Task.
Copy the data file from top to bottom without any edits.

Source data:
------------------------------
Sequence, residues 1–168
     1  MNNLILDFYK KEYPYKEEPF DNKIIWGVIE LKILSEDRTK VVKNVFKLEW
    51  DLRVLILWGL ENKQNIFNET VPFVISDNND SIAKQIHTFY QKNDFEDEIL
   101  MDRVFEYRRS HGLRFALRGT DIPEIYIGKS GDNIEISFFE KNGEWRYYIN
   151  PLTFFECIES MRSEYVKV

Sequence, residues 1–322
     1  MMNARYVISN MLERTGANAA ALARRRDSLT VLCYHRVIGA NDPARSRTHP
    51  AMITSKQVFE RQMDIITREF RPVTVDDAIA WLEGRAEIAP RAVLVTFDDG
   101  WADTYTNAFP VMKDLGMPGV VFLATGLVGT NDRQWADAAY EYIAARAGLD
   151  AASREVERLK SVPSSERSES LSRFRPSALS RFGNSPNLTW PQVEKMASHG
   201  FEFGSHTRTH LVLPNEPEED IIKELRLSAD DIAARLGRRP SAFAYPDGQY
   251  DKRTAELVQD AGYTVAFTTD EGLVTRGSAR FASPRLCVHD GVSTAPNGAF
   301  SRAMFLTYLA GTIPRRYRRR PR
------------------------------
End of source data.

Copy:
Sequence, residues 1–168
     1  MNNLILDFYK KEYPYKEEPF DNKIIWGVIE LKILSEDRTK VVKNVFKLEW
    51  DLRVLILWGL ENKQNIFNET VPFVISDNND SIAKQIHTFY QKNDFEDEIL
   101  MDRVFEYRRS HGLRFALRGT DIPEIYIGKS GDNIEISFFE KNGEWRYYIN
   151  PLTFFECIES MRSEYVKV

Sequence, residues 1–322
     1  MMNARYVISN MLERTGANAA ALARRRDSLT VLCYHRVIGA NDPARSRTHP
    51  AMITSKQVFE RQMDIITREF RPVTVDDAIA WLEGRAEIAP RAVLVTFDDG
   101  WADTYTNAFP VMKDLGMPGV VFLATGLVGT NDRQWADAAY EYIAARAGLD
   151  AASREVERLK SVPSSERSES LSRFRPSALS RFGNSPNLTW PQVEKMASHG
   201  FEFGSHTRTH LVLPNEPEED IIKELRLSAD DIAARLGRRP SAFAYPDGQY
   251  DKRTAELVQD AGYTVAFTTD EGLVTRGSAR FASPRLCVHD GVSTAPNGAF
   301  SRAMFLTYLA GTIPRRYRRR PR